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Spies Under Von Magnet Influence – Suvmi

Spies Under Von Magnet Influence - Suvmi

CD, Cinetiks, 2006

These days, everything says it “cinematic.” The way things are going, it won’t be long before my Mum describes herself as the “score to an invisible movie.” Most of the time it just means the artist has botched together some half-baked album full of atmosphere, some dreadful faux-orchestral sounds, and little else.
And so enters “Suvmi”, full-length collaboration between Spies and Von Magnet, proclaiming itself an “experience” and asking the listener to, you guessed it, “picture out your own movie.” Luckily, “Suvmi” avoids clichés and, in truth, possesses a unique sound that need not hide behind such over-used tags.
From the get-go, this release borders on the unclassifiable – a melting pot of chilled, dubby electronics, ethnic rhythms, flamenco guitars and indie-grime. Like Death in Vegas battling the Gypsy Kings with a smattering of This Morn’ Omina and Nine Inch Nails. Each song sounds totally different for the others yet they all share the same atmosphere and general, very broad, sonic palette. What’s more, most of the songs operate in two parts – the first half forming a complete track before the second half explores one or more elements from the first half along a new tangent.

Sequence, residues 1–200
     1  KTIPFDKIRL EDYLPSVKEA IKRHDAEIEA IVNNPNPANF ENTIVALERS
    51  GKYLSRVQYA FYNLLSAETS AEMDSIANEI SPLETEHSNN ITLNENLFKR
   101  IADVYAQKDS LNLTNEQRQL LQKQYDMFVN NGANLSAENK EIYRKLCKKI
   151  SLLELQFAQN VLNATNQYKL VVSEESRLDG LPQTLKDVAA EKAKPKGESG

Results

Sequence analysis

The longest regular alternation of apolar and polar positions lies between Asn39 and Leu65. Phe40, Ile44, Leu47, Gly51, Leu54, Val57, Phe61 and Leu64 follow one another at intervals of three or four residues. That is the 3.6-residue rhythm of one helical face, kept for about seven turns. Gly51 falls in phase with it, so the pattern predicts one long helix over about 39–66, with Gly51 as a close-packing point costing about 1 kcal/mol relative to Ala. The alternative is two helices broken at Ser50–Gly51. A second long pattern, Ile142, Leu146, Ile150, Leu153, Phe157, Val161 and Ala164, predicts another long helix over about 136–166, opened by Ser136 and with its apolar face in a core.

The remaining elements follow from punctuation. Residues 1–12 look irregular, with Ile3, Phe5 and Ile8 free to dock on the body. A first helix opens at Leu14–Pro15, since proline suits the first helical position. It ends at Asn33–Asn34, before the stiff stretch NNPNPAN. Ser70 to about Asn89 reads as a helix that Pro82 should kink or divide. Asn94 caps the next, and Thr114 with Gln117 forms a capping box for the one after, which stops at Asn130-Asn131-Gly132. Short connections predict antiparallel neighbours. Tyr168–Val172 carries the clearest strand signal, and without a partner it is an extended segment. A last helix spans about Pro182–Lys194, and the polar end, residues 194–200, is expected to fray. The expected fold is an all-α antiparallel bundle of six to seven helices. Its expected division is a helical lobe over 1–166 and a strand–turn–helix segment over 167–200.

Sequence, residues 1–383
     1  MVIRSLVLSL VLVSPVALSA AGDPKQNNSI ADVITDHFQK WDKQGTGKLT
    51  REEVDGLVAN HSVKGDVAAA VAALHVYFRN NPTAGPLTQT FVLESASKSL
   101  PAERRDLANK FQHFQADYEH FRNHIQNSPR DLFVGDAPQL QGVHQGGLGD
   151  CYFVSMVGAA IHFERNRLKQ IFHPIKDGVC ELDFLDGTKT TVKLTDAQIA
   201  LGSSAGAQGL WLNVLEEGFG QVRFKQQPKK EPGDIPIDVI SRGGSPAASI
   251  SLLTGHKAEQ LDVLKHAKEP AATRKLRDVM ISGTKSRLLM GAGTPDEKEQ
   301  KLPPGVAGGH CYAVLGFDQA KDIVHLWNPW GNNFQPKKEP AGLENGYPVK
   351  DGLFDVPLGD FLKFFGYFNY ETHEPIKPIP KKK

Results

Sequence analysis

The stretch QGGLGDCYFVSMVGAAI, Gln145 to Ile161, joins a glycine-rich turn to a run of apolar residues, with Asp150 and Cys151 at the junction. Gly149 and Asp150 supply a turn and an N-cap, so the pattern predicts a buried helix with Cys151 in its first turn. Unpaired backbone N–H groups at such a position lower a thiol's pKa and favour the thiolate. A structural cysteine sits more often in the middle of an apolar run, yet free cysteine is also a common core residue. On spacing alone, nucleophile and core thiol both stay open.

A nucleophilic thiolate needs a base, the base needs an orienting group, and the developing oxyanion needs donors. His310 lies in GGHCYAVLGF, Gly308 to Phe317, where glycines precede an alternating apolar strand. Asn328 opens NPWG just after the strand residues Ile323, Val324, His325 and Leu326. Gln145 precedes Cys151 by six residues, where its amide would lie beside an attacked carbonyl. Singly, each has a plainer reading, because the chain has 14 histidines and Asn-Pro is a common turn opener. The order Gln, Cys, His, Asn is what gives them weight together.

“Morirme” is all chugging rhythms underscored with deep strings and Spanish vocals before it strips to the beats, bringing in a new string section and choral stabs. This segues neatly into the short, atmospheric “Do The Magnet”, a droning, menacing track of deep bass sounds with tiny twinkling blips floating over it.
Next up, the sexy, hypnotic “Under Influence” – all eastern rhythms with breathy French vocals and dirty guitar spiralling over it all. A pause and the eastern influences fall away to be replaced with a more typical drumkit recalling Death in Vegas’ “Contino Sessions” era. This gives way to the upbeat “Catalys”, the closest thing on this record to normal industrial with NIN-esque, buzzsaw guitars and abrasive rhythms vying with the distorted female vocals. It’s like the Quake soundtrack meets Offbeat-era Klinik.
This leads to “Buddha-Like”, the album’s most excruciating moment. A stripped down, predominantly vocal number hampered by cod-mysticism (“one day my guru showed me…”) and a painful voice that works when, as in, “Morirme”, it is kept in the mix with the other instruments but otherwise recalls a fat, French, strangled cat. The female singer similarly damages the funky flamenco-based “Fragments of Ice.”
Overall, this is a strong and unique release that is worthy of attention. I can think of very few releases as varied, consistent and unclassifiable as this. Most recommended to fans of This Morn’ Omina who wish they’d explore more ethnic sounds and diversify their sound.


— Christopher Fry

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